In the county of Sussex beavers have been born for the first time in 500 years. The young beavers came into the world at a wildlife project at Knepp Castle Estate in West Grinstead, near Horsham. The project’s staff is very excited and refer to the births as a milestone for Knepp and Sussex.
Two adult beavers, Brooke and Banksy, were transferred from Scotland to Knepp Wilding last year. Employees recently noticed that the pair was dragging fresh shoots to their lodge. In a Facebook post, they stated:
“Signs, we hoped, that they were nurturing offspring.”
The youngsters, described as ‘almost adult,’ were captured on camera while playing in one of the ponds created by their parents. Ecologist at the project, Penny Green, describes the beavers as ‘ecosystem engineers.’ Through their recent activities in building dams, they have created habitats for other wildlife, leading to the revival of species like kingfishers, dragonflies, and reed warblers. Penny Green said:
“We’re thrilled. It’s just amazing to know that beavers have successfully reproduced here, and for the first time in 500 years in Sussex, we can say that.”
Beavers are importance for biodiversity
Experts at Knepp state that research shows beavers are of vital importance for biodiversity. Their coppicing of trees along riverbanks, both for food and for building dams, allows sunlight to penetrate, stimulating the growth of green, oxygen-producing aquatic plants. Wood debris dragged into the water by beavers fosters the growth of microorganisms that fuel populations of vertebrate animals, which in turn provide food for fish and waterfowl. A spokesperson from Knepp says:
“As hydrological engineers, beavers are also incredibly effective at creating water systems that purify, store, and guard against devastating floods. Much of the work we’ve done at Knepp to restore watercourses, including bringing back our stretch of the River Adur to its floodplain, could have been achieved more efficiently and at less cost by a family of beavers. We’ve been campaigning for years for greater appreciation of this vital species and hope it won’t be much longer before we see free-living beavers throughout the UK, supported by a reliable management plan to facilitate their return and promptly address any issues they might pose for farmers and land managers.”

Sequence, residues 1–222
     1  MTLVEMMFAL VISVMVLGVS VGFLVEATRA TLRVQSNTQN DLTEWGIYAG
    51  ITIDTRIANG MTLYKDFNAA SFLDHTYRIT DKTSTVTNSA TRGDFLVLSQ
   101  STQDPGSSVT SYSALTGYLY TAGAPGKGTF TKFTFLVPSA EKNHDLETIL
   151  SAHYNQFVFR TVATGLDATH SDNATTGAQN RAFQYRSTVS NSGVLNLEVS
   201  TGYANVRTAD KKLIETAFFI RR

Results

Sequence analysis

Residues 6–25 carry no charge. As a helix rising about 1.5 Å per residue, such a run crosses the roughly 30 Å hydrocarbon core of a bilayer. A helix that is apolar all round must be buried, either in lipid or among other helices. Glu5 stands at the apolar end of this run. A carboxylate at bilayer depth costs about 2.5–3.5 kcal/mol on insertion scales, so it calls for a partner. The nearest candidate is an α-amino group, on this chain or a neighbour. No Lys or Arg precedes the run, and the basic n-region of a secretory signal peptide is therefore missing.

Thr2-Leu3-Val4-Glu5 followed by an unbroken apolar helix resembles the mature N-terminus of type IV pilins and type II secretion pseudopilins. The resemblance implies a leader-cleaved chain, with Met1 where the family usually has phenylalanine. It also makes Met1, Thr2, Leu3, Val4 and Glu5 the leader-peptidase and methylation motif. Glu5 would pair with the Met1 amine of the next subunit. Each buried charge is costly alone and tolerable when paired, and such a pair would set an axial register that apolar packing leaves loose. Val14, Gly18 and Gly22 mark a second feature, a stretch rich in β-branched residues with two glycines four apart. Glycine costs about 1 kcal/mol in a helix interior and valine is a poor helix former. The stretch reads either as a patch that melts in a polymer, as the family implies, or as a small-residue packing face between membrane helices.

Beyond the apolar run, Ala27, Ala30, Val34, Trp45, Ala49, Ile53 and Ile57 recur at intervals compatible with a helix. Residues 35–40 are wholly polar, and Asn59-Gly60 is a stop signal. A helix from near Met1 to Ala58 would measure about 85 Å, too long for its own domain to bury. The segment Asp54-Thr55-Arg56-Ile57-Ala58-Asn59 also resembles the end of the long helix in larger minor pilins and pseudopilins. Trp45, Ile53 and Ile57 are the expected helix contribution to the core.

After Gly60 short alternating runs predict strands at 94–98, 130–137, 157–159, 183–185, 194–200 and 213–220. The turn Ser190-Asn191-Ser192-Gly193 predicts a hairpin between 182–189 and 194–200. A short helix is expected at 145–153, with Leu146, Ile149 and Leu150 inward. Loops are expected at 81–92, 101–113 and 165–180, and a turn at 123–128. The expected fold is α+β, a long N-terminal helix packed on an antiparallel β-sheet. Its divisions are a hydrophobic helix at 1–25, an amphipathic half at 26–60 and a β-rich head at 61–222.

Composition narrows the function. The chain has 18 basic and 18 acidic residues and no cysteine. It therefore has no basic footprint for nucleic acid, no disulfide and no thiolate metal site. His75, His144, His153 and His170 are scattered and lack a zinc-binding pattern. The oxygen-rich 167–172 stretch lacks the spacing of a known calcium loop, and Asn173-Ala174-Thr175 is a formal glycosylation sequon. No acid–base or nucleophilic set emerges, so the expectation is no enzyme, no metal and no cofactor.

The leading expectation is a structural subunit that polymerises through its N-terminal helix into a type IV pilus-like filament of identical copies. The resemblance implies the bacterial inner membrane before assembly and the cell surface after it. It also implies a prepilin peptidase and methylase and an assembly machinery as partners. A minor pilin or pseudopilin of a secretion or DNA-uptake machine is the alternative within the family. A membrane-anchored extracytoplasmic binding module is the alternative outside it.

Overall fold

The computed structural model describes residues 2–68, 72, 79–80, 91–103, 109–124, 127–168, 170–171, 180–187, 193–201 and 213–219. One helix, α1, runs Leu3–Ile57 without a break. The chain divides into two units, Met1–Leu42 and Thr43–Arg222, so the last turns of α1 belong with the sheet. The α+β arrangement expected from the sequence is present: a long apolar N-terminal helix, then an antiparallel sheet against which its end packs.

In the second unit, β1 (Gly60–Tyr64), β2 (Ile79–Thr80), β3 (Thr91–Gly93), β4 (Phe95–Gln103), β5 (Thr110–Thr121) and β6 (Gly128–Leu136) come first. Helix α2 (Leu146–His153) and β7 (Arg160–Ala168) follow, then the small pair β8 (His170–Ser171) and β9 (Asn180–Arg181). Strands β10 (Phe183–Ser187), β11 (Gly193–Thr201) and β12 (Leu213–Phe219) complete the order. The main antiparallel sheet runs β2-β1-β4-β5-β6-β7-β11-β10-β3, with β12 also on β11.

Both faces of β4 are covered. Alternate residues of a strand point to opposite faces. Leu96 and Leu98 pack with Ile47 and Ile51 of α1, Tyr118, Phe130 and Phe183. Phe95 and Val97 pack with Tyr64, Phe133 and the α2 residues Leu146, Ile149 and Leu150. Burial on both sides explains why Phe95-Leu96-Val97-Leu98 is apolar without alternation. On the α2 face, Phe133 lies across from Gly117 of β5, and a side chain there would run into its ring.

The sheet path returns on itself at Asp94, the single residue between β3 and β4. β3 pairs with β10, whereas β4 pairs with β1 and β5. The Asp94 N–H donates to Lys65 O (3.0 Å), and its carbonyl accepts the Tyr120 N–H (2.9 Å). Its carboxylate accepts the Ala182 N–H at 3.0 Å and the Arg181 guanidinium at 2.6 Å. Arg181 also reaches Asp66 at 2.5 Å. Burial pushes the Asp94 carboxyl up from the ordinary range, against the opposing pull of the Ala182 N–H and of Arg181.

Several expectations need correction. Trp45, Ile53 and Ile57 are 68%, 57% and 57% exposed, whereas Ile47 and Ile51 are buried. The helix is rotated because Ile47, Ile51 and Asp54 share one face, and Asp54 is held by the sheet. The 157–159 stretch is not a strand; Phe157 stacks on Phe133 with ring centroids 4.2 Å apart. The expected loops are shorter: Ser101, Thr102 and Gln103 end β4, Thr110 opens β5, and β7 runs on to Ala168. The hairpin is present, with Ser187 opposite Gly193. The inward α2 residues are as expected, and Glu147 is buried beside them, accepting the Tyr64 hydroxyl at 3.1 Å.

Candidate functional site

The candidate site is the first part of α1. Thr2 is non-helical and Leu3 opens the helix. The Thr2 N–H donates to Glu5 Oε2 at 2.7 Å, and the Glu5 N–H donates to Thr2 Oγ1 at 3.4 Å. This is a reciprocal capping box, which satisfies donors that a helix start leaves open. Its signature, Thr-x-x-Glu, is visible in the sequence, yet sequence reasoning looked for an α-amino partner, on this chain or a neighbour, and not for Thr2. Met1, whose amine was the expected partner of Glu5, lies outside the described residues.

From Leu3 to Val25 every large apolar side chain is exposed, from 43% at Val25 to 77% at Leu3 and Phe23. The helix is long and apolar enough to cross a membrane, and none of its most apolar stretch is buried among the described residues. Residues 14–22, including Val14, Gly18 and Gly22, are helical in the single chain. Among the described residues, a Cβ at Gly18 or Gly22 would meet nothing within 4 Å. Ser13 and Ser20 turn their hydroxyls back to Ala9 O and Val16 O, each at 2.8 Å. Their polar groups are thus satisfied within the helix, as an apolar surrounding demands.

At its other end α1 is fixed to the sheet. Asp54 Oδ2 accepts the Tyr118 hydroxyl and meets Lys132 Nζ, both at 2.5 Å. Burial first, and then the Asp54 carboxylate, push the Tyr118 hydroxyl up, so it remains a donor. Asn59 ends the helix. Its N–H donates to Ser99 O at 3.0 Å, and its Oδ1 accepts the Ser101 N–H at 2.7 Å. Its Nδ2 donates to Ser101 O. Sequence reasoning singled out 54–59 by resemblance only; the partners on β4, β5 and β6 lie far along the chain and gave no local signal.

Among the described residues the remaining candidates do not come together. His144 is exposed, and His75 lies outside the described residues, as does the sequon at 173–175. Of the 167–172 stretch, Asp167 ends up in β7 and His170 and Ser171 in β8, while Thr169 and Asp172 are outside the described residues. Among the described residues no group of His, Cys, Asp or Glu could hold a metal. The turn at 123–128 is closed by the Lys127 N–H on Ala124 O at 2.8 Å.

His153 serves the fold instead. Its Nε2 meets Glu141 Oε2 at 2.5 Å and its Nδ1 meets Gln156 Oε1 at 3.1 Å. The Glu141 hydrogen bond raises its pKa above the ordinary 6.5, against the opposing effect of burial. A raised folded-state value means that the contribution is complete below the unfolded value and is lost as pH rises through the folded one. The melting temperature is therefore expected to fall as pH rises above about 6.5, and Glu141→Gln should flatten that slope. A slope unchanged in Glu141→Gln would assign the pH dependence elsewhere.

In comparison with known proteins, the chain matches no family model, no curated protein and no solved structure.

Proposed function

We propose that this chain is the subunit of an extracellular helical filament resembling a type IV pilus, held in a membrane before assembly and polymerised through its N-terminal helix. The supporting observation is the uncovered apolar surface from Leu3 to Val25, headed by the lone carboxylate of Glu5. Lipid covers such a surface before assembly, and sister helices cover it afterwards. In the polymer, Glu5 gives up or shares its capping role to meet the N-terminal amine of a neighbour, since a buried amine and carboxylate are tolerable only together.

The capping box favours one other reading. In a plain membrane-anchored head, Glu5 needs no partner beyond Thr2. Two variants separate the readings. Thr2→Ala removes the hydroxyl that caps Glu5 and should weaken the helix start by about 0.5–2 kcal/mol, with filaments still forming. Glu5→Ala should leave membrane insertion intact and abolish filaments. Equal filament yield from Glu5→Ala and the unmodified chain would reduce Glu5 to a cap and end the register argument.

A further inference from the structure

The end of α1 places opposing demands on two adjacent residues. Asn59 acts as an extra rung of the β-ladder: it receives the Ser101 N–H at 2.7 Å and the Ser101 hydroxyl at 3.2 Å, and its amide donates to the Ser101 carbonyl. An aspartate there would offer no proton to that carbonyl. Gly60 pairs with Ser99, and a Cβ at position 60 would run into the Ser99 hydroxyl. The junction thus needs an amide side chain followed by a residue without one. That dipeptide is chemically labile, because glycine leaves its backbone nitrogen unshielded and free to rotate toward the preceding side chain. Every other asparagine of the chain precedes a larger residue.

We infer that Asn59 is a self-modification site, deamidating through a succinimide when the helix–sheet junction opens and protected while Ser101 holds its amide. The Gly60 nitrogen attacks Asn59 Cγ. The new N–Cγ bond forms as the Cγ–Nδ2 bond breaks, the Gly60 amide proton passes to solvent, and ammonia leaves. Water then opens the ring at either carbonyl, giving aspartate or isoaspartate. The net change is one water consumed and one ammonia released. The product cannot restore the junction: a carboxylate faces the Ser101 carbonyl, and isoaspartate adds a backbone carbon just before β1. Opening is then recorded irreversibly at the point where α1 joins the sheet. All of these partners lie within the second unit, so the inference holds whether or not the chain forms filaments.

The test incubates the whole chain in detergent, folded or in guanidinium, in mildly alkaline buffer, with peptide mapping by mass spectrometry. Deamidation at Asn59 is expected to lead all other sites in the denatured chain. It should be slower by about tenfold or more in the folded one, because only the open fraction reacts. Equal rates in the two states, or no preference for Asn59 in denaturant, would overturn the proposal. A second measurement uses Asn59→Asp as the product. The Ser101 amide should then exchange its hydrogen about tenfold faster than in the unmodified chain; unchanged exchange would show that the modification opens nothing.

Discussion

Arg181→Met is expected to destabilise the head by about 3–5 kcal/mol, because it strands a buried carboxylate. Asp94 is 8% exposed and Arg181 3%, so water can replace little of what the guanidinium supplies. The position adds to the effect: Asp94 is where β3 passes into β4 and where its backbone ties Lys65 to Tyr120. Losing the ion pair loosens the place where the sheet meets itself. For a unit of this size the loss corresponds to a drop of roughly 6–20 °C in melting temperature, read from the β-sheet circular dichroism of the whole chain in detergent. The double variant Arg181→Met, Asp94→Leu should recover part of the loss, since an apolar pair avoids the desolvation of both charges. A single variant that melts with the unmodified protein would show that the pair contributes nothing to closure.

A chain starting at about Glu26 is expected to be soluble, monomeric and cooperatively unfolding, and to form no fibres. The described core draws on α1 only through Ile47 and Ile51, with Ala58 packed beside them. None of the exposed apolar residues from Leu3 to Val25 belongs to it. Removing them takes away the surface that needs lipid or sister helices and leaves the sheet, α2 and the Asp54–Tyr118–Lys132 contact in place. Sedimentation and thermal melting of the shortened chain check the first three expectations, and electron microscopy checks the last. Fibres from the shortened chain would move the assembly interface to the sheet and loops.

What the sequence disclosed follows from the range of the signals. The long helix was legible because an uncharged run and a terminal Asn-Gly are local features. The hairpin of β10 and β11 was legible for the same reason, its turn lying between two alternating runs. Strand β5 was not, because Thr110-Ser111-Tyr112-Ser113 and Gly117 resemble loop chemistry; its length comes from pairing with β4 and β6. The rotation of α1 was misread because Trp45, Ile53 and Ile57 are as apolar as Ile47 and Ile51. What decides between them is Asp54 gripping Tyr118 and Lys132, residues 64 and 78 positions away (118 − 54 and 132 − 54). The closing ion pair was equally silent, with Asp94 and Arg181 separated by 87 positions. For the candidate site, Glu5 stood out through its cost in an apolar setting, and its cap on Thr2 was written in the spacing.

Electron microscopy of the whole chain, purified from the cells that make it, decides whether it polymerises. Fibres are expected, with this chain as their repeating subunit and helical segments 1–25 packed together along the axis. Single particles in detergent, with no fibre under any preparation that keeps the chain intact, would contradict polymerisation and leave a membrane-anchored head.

Beavers are native species in Great Britain, but these animals went extinct in the 16th century due to being hunted for their meat and fur. This primarily occurred during the reign of King Henry VIII. The animals were killed for their fur and a secretion from their scent glands that was used in making perfumes and medicines. The last known British beaver was killed in Yorkshire in 1789.
In 2020, as part of a trial in a semi-enclosed area, a pair of beavers were released. However, both escaped within a few weeks. The male, named Bramber, was spotted on the River Adur and was eventually captured on an organic farm. The female, Billie, escaped to a fishing pond and was also captured there. Unfortunately, Bramber died on the night of his capture, and tests revealed that he succumbed to a virus. Billie now resides with a partner in an enclosure on National Trust land.
Beavers have also been reintroduced to other parts of the United Kingdom through similar reintroduction projects.